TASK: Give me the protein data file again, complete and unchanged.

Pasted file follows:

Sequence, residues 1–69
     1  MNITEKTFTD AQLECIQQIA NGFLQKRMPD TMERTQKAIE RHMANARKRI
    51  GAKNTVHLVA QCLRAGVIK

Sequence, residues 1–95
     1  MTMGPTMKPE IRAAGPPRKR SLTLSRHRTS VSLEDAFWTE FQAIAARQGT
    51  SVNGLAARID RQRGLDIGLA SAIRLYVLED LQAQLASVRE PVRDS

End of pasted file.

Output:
Sequence, residues 1–69
     1  MNITEKTFTD AQLECIQQIA NGFLQKRMPD TMERTQKAIE RHMANARKRI
    51  GAKNTVHLVA QCLRAGVIK

Sequence, residues 1–95
     1  MTMGPTMKPE IRAAGPPRKR SLTLSRHRTS VSLEDAFWTE FQAIAARQGT
    51  SVNGLAARID RQRGLDIGLA SAIRLYVLED LQAQLASVRE PVRDS